The news from the USA may be good but the fight is not over.

Indeed, with establishment Republicans showing a worrying willingness to indulge Trump’s election lies, that fight may have already arrived and it’s not even been a week.

Yet even when Biden is finally secure in the White House (which is not a foregone conclusion), that should not be a sign to rest on our laurels. All progressives and reformers must push his administration to implement the reforms to democracy, regulation and big tech that are so desperately needed.

There have been some promising early signs that this is on the Biden team’s agenda.

Let’s keep them to their word.

Here in the UK the fight is also heating up.

Despite spending years degrading the news and information landscape to devastating effect, Facebook have had one of its top executives put on a panel to advise on UK broadcasting rules by our Government.

Do we want a Government that has the interests of citizens or the interests of big business and big tech at heart? The two are increasingly mutually exclusive. 

Biden’s victory in the USA is being talked of as a turning point. 

It can be, but only if we remain vigilant.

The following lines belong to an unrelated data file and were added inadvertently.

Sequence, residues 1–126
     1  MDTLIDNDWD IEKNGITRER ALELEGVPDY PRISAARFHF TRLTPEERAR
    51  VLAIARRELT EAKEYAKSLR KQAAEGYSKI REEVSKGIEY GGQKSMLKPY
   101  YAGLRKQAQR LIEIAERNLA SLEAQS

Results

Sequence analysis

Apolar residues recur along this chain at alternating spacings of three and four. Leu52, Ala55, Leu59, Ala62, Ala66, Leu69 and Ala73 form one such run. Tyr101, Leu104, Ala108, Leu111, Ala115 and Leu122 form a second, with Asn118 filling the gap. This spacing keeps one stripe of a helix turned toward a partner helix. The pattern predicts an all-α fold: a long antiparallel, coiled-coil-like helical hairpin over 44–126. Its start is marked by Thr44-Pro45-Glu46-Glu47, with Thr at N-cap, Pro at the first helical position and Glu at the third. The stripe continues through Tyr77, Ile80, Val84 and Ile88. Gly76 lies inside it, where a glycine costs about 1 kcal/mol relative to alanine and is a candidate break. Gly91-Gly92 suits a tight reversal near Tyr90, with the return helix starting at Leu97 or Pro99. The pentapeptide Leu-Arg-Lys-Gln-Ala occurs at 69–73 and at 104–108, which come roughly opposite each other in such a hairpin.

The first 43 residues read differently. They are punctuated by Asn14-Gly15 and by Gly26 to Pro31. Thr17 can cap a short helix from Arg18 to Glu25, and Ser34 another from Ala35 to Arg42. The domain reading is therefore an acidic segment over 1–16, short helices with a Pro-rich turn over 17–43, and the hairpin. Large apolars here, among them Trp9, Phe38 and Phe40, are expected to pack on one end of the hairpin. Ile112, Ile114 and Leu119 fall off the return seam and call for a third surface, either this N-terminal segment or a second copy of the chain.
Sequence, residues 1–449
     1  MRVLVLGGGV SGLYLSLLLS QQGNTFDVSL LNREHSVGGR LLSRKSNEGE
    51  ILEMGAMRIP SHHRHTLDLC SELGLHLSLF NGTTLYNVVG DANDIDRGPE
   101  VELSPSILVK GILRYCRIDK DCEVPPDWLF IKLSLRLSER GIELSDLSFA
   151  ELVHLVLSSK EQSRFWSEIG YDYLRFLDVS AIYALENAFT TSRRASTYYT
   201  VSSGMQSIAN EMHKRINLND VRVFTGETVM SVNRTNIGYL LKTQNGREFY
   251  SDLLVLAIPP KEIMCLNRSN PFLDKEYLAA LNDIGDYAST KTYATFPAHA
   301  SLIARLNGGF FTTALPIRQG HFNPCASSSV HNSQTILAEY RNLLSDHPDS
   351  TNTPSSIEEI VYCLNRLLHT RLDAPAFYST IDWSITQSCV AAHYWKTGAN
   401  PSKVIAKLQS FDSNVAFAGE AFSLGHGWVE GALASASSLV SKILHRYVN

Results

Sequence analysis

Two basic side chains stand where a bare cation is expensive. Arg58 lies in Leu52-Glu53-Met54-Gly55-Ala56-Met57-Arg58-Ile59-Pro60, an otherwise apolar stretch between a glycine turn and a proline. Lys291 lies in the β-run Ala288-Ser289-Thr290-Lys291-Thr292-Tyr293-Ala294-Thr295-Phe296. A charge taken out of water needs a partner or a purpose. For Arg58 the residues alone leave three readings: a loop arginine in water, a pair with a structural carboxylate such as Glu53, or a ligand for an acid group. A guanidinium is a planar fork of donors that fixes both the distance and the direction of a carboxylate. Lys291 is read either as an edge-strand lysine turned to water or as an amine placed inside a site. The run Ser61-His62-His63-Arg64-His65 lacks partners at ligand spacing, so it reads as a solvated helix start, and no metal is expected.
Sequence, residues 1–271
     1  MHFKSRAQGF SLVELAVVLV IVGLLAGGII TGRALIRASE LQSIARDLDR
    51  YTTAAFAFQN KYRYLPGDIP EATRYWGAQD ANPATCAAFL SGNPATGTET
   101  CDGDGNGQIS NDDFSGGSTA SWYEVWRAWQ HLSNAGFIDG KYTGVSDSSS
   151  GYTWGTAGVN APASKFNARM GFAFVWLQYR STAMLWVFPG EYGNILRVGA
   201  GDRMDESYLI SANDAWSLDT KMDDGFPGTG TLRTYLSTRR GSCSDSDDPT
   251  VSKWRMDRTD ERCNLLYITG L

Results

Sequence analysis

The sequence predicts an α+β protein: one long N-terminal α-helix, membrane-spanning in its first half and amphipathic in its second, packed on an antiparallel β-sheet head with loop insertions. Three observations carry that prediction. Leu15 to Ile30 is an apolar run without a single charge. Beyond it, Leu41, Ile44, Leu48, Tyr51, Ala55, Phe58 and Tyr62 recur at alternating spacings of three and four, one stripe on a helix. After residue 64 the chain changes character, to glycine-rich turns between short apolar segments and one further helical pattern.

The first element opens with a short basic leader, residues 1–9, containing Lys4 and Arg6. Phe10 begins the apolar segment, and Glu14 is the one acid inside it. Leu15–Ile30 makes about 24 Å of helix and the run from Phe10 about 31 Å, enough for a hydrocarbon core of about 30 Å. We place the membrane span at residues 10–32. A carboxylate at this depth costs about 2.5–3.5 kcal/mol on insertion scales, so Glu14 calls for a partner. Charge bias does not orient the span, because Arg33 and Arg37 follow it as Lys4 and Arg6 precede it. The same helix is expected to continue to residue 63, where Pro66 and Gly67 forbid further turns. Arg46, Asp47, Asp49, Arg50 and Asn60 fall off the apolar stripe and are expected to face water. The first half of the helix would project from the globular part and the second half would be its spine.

Trump’s Desperate Lies & The Future of Democracy

05/11/2020 Posted by News 0 thoughts on “Trump’s Desperate Lies & The Future of Democracy”

Many of you – like us at the Fair Vote UK Team – are likely sleep deprived and a little anxious today.

Nothing is certain yet but one definitive statement we can make at this stage is: The current American President does not believe in the rule of law and does not believe in democracy.

Trump’s shameful and dishonest behaviour since Tuesday must be a final wake up call to us all.

The good news: The democratic process will continue despite his desperate attempts to subdue it.

Whatever the final result ends up being, we must now fight to preserve and strengthen the culture and the institutions of democracy. That means:

  • Taking on the anti-democratic power and influence of big tech;